Renewable energy in Korea: a Belgian affair too?

Pieter Jan Jordaens

A series of online lectures organised by the Belgian Embassy in Seoul, South Korea, on 10 May will look into offshore wind and solar energy, and how it is reshaping the renewable energy scene. The panel discussion "Hot and Windy: on the future of our energy" will take place in this context, with the participation of Sirris.

South Korea is one of the first Asian countries to aim for net zero fossil energy consumption by 2050. Under the Korea New Deal announced in July 2020, more than USD 135 billion will be invested in sustainable and technology-driven sectors this decade alone. Renewable energy is therefore currently in full development. The government announced that it wants at least 20 per cent of its energy to come from renewable sources by 2030. The country plans to install 12 GW offshore wind capacity, generated by both fixed and floating turbines. This is ten times the current capacity of 125 MW. Moreover, it plans to install an additional 8 GW offshore wind capacity by 2034.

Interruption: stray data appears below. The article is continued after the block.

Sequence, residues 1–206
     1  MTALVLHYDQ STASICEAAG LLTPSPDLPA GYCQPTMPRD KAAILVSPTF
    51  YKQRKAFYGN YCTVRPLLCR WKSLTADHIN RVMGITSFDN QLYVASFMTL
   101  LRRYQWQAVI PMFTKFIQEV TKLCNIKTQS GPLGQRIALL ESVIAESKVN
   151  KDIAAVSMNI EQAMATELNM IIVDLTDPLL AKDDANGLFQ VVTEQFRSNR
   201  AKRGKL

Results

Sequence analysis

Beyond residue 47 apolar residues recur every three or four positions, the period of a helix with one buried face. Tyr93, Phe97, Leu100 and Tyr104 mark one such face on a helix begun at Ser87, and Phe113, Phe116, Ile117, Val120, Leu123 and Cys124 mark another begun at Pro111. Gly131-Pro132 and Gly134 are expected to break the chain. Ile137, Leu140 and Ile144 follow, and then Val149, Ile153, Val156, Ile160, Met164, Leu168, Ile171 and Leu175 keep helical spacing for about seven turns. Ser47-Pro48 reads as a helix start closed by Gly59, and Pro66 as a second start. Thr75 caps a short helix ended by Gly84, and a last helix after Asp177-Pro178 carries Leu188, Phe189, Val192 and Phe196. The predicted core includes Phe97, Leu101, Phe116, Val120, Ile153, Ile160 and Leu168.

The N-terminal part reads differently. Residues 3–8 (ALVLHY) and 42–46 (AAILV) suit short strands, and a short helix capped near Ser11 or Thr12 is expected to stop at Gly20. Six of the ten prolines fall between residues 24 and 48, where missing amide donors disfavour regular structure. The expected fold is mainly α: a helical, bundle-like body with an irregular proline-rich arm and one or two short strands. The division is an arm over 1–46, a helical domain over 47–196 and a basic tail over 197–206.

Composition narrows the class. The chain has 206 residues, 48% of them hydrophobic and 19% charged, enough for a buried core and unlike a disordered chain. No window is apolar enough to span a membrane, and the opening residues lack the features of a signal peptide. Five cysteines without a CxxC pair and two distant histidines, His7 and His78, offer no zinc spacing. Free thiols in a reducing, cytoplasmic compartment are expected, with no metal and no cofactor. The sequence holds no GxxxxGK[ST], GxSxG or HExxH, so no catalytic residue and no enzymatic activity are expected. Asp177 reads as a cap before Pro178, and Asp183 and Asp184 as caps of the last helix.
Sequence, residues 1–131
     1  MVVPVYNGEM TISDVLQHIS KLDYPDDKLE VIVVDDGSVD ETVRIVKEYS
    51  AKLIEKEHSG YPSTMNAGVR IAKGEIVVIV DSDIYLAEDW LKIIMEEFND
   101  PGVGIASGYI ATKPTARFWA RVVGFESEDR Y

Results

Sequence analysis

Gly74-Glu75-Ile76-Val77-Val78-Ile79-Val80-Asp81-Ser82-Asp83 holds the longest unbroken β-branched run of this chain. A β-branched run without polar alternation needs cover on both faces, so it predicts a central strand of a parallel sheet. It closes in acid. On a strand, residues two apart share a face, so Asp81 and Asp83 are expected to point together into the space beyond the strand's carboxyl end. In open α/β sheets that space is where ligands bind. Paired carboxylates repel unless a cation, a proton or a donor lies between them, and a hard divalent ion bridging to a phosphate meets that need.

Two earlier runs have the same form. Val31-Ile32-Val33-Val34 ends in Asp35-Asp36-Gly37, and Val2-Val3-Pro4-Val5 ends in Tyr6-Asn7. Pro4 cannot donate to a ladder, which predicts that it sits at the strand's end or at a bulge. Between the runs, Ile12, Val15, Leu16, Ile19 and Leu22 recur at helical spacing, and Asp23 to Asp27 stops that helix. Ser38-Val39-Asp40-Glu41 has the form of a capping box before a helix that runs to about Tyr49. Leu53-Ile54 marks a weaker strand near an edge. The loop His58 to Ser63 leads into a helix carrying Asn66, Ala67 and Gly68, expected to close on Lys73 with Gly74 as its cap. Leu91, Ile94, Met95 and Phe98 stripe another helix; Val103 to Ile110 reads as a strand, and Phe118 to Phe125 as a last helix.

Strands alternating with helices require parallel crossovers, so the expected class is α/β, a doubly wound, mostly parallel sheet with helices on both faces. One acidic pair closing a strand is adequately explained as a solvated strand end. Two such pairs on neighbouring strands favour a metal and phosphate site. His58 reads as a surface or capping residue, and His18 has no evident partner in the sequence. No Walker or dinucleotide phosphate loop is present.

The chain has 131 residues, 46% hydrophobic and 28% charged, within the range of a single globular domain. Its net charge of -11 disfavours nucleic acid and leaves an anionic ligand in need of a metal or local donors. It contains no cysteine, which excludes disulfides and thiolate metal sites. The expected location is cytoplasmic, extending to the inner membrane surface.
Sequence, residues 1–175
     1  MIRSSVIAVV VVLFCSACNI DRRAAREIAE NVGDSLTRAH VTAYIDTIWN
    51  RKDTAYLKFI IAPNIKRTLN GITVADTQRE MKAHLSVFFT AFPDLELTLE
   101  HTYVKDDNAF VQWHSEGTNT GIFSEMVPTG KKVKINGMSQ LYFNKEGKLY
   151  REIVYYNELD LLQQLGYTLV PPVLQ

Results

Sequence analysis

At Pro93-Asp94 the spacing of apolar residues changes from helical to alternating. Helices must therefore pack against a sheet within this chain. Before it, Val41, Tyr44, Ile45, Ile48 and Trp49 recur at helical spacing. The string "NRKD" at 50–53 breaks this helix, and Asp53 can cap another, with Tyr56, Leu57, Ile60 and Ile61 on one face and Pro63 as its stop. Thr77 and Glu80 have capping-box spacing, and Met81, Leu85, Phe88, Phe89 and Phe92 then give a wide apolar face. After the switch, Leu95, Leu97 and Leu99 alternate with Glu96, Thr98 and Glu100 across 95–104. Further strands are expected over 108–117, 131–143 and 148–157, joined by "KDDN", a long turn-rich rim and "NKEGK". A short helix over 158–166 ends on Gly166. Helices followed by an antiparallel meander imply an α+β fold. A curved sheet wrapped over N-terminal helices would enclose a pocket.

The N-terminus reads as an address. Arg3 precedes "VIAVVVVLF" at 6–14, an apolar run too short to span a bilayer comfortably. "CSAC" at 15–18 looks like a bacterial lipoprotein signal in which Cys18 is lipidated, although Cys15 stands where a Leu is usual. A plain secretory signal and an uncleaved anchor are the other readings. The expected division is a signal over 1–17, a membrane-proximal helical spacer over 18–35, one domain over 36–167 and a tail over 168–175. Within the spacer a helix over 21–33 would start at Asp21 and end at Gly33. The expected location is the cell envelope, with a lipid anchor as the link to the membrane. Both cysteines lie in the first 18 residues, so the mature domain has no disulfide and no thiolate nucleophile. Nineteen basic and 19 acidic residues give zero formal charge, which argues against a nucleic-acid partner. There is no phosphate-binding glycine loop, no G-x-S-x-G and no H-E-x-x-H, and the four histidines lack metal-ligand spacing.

Some of the world's largest offshore wind projects are currently in the pipeline here, including 22 offshore wind projects in the licensing phase. Two of the main projects are 8.2-GW Sinan Offshore Wind Park and the 6-GW Ulsan Floating Wind Park (accounting for five concessions, with Western participations).

In the context of these ambitious plans, where Belgian companies active in this sector can and will play an important role, the Belgian embassy in the South Korean capital Seoul is organising the panel discussion “Hot and Windy: on the future of our energy” on 10 May, during which various Korean and Belgian experts will speak on the subject. Sirris, which has already built up considerable experience and expertise in this field through the OWI-Lab, will also take part in the debate.

Interested in following this future-oriented panel discussion? More information is available here.


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